Today I am going to plagiarize my own work. Or as we used to say in Silicon Valley marketing meetings, I’ll be “repurposing content.”
Brainshark published a guest post I wrote for them with tips for creating better quality Brainshark recordings (a technology I use on client projects and for my own promotional/informational recordings). Some of my tips were specific to that platform, but I realized that many of the guidelines applied to any recorded presentation. So here are a few pointers for you if you create on-demand presentations for a web audience.
1) Shorter Is Better. I aim for five or six minutes per recording. If you are producing 30, 40, or 50 minute productions, you are scaring off potential viewers. People want to know they can get valuable information quickly and concisely.
2) Link Your Recordings. You can still cover your full 30 or 40 minutes’ worth of content… Just break it into individual topics and then use a menu system to let each viewer decide what they want to watch next. Of course if your material absolutely must be presented in sequence, you can limit the choices to: Advance to the next topic or Exit the presentation. A simple set of hyperlinks on a web page can usually suffice as a table of contents.
3) Keep Your Slides Moving. If your recording consists of narration over slides, you want to keep each slide visible for no more than one minute. Your audience is used to YouTube videos. They want visual change. Use animations if your software allows it, otherwise use a series of slides to recreate builds.
4) Use Your Best Speaker. It is tempting to sign up speakers based on their title or knowledge. But there is an art to sounding clear, enthusiastic, and compelling on an audio track, and the experts may not have that training. If you must put your mush-mouthed CEO in the recording, give him an introductory slide with a paragraph or two and have him play up the value of the content to follow. This trick also works with subject experts who can introduce a topic, giving it their implied authority before turning the main presentation over to a better speaker.
5) Audio Quality Is Crucial. If you must record your presenters over the telephone, here are two absolutes: No cell phones and no speaker phones… EVER! If your presenter has a bad telephone connection or a low quality phone, cancel the session and do the recording later from a different line. You cannot make up for bad source audio. If at all possible, work with your speaker on-site with a good quality desk microphone and a pop filter (they are cheap and easy to find online).
6) Save Music For Intros/Outros. Don’t run a constant stream of music underneath your vocal track. Music under your vocals gets annoying, repetitive, and distracting after a very short time. Pick about 5-10 seconds of instrumental music that suits the tone of your material and use it on your opening and closing slide to welcome viewers and to signal that the content is over. There are stock music sites available for you to select and purchase music clips very cheaply. Check the Audio category in www.istockphoto.com as one example.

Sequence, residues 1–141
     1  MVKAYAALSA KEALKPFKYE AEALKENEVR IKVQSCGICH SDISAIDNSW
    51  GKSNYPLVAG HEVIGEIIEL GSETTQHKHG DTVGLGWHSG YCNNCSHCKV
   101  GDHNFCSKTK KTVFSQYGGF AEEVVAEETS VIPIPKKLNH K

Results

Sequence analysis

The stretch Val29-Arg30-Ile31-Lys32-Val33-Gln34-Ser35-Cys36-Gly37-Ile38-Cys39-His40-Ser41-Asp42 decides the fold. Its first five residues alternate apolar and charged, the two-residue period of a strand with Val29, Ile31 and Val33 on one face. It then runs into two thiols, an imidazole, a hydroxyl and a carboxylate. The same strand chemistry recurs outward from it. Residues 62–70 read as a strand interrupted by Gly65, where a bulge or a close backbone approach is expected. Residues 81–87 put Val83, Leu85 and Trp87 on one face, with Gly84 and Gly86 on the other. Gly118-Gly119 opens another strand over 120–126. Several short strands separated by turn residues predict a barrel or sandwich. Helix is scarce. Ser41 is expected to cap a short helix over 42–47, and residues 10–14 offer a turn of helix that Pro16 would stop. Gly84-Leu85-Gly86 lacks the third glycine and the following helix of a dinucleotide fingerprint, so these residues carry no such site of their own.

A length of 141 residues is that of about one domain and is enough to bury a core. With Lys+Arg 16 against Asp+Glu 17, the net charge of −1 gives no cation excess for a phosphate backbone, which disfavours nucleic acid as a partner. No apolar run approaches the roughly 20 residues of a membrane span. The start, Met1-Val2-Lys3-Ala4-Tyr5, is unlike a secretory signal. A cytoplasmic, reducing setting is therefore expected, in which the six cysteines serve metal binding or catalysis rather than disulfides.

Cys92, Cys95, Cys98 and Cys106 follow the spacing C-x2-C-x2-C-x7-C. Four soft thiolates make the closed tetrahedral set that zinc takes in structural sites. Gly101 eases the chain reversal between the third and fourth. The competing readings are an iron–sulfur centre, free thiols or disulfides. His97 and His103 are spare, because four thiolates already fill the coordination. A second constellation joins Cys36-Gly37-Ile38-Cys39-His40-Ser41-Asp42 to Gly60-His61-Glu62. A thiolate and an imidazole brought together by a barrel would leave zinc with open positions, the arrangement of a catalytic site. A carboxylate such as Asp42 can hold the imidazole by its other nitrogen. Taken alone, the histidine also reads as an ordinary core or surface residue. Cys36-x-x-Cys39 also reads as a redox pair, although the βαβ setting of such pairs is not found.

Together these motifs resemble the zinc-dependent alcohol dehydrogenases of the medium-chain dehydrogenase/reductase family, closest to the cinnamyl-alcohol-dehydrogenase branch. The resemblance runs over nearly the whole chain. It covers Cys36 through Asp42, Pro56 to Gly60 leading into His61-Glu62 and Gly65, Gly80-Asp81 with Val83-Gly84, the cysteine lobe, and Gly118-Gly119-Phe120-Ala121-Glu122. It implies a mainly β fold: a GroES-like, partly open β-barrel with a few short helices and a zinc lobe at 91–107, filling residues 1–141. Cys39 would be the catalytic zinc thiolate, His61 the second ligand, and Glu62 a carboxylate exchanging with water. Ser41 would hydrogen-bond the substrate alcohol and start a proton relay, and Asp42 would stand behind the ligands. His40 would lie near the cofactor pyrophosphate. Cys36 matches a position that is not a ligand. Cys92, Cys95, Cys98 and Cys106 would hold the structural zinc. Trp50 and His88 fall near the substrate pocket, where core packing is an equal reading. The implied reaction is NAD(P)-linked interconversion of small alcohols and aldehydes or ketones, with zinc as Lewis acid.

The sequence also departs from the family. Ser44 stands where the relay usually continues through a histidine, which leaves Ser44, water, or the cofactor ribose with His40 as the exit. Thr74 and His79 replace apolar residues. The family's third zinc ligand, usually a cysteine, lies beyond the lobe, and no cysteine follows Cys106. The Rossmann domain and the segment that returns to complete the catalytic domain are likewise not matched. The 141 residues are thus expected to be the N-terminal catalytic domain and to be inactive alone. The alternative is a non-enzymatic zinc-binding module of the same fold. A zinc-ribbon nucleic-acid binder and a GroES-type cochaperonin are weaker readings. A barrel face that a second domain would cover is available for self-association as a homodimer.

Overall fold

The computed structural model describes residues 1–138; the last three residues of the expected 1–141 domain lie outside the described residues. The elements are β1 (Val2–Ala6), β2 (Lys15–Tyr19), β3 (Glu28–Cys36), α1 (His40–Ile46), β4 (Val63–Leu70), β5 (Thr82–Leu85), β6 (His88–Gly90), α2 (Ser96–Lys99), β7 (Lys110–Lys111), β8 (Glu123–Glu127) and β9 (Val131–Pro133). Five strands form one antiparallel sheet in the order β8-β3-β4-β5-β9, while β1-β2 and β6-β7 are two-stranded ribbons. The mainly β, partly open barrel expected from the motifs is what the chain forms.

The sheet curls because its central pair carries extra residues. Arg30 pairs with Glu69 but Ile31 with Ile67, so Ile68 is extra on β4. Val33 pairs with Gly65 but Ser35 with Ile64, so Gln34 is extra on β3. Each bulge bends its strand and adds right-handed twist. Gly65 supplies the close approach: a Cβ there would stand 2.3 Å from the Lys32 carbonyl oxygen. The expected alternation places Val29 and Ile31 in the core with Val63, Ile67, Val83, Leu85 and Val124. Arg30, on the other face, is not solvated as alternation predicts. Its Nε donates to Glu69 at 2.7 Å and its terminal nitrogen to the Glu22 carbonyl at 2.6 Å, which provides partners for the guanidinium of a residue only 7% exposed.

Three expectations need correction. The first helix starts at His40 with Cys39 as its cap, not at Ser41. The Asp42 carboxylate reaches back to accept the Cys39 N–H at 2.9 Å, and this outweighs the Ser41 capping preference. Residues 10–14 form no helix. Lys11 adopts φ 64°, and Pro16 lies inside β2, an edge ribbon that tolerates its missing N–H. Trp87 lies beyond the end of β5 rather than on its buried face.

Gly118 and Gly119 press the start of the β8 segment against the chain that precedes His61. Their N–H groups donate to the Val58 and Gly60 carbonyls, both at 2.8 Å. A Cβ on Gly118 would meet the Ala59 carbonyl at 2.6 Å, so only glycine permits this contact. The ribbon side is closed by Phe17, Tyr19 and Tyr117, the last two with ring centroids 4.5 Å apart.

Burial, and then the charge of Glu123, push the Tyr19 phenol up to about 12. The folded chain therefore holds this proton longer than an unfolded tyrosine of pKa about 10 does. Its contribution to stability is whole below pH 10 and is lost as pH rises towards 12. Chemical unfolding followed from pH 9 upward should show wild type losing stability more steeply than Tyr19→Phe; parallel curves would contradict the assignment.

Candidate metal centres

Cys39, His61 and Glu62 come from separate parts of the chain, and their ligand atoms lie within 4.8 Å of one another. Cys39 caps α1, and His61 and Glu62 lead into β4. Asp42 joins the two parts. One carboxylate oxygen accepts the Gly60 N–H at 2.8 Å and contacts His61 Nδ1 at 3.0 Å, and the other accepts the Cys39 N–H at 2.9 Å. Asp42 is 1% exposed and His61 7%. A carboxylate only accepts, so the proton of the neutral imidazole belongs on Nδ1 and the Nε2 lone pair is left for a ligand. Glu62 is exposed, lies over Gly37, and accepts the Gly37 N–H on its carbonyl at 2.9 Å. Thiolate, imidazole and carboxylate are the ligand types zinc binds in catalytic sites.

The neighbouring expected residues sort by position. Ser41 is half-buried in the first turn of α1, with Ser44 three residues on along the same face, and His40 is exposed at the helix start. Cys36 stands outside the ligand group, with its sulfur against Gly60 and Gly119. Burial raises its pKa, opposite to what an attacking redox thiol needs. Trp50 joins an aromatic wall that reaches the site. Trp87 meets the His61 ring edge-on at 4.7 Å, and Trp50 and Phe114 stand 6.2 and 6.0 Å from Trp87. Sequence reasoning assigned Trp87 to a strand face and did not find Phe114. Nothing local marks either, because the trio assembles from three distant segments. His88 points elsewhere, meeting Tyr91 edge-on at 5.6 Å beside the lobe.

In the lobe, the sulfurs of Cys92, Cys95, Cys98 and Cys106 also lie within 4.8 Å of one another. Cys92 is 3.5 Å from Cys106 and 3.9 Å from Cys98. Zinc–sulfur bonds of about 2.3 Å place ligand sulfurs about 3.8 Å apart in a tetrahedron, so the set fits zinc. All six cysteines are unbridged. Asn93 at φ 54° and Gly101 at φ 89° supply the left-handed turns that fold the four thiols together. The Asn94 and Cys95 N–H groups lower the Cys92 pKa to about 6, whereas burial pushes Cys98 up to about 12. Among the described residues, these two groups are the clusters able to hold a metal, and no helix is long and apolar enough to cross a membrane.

7) Script Your Presentation. I will not record a presenter who doesn’t have a script. They will argue all day long that they know the material backwards and have given the speech 100 times. Then on the recording they will ummm and ahhh and fumble for the right words. If you are the “production engineer” and have their script in front of you during the recording session, you can highlight phrases where you hear little fumbles, or background noises, or volume changes. Then at the end of the session you just go back and re-record those bits so you can splice them into your recording with audio editing software. Or if your software allows slide-at-a-time vocal recording, you can have the speaker re-record the slide in question.
8) Re-Record The First Slide. Record the entire presentation, then go back and re-record the first slide. It will now sound more natural and more consistent with the rest of the slides. When a speaker starts out doing this unfamiliar recording process, they are always stiff and unnatural at the start. Just plan to throw away the opening and use the retake.
9) Learn To Use An Audio Editing Tool. If you do many recordings, it is worth the frustration and time necessary to learn how to work with digital audio editing software. Two of the most popular programs for PCs are Audacity and GoldWave. Audacity is free and easier to use. GoldWave costs a small amount and is much more complicated, but offers incredible power and flexibility. It took me quite a while to master GoldWave, but I can now filter recordings, splice in short retakes, match volumes, and generally clean up audio tracks to get the best possible sound for my recordings.
You don’t have to do all of these things at once, but each piece of advice you can incorporate will give you a small incremental improvement and make your recordings more engaging and popular with your audiences. If you would like to see how I applied these guidelines in my own lead generation Brainsharks, you can start with the short presentation below and see how it allows the viewer to select an action path. If you are reading this in an email or in a limited functionality feed reader, you might not see the embedded clip. In that case you can put this link into your web browser: http://www.brainshark.com/wsuccess/audience